In MSCD and in this 2011 post I discuss using want in recitals instead of wish or desire. But how about intend?
I hereby propose a distinction in how to use intend in recitals.
First, don’t use intend for matters addressed in the contract. For that, stick with want or, if you prefer, desire or wish: intend isn’t a good fit. You intend to do that which is largely or entirely within your control; by contrast, nothing happens in a contract until the parties sign. So I’d use something other than intend in each of the following four examples from the SEC’s EDGAR system:
The Depositor intends to sell Certificates, to be issued hereunder in multiple Classes, which in the aggregate will evidence the entire beneficial ownership interest in the Trust to be created hereunder.
(B) Seller and the Local Sellers intend to sell the Business to Purchaser and its Affiliates pursuant to the terms and conditions of this Agreement and the other Transaction Documents.
WHEREAS, the Parties entered into a Contribution Agreement dated October 16, 2013, and the Parties intend to amend and restate such Contribution Agreement in its entirety as set forth herein;
WHEREAS, the Parties intend that AcquireCo be merged with and into Auxilium, with Auxilium surviving such merger on the terms and conditions of this Agreement (the “Merger”).
But it makes sense to use intend if you’re referring to matters that are addressed in some other contract or are otherwise outside the scope of the contract in question, as in the following examples:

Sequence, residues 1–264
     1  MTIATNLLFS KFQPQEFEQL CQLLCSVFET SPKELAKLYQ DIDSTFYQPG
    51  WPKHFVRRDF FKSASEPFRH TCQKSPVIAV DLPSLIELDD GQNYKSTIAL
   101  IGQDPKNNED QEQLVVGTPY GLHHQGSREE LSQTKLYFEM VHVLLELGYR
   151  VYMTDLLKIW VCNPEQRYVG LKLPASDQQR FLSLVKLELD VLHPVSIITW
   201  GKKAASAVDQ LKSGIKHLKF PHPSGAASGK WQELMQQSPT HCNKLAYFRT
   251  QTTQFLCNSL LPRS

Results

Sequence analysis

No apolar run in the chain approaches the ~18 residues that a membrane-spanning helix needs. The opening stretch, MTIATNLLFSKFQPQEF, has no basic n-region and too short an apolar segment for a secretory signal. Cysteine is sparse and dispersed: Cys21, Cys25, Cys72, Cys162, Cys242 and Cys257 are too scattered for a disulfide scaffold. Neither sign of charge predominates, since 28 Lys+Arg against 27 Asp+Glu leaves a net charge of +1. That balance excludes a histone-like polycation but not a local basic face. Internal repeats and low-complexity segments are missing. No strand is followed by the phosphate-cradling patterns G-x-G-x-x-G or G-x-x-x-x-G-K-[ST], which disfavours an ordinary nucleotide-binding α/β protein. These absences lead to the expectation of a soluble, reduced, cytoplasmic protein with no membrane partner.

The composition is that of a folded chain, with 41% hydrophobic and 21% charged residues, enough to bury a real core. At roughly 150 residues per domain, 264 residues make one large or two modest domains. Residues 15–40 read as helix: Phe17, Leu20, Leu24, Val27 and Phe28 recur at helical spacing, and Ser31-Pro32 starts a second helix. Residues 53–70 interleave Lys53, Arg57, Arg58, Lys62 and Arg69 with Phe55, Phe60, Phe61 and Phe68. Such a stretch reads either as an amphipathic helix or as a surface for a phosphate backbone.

WHEREAS, pursuant to the terms of the Supply Agreement, the Parties intend to supply to each other certain Products; and
WHEREAS, Seller intends to convert the Company and all of its Subsidiaries (as defined below) from corporations to limited liability companies;
A. Producer owns Oil and Gas Interests and intends to drill and complete Wells for the production of Hydrocarbons in the Initial Service Area and may from time to time own Oil and Gas Interests and may drill and complete Wells for the production of Hydrocarbons in other areas.
More generally, it’s usual to refer to courts looking to recitals for expressions of the parties intent. But that’s in the context of the contract having been signed, so it’s unrelated to use of intend in recitals.